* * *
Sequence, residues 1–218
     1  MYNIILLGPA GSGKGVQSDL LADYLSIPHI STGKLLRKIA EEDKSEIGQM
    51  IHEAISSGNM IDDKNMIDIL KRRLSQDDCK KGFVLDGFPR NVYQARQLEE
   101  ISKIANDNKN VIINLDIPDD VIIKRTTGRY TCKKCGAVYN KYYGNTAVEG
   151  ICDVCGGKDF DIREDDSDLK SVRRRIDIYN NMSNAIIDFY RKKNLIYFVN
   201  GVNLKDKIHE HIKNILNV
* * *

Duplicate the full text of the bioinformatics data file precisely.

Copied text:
Sequence, residues 1–218
     1  MYNIILLGPA GSGKGVQSDL LADYLSIPHI STGKLLRKIA EEDKSEIGQM
    51  IHEAISSGNM IDDKNMIDIL KRRLSQDDCK KGFVLDGFPR NVYQARQLEE
   101  ISKIANDNKN VIINLDIPDD VIIKRTTGRY TCKKCGAVYN KYYGNTAVEG
   151  ICDVCGGKDF DIREDDSDLK SVRRRIDIYN NMSNAIIDFY RKKNLIYFVN
   201  GVNLKDKIHE HIKNILNV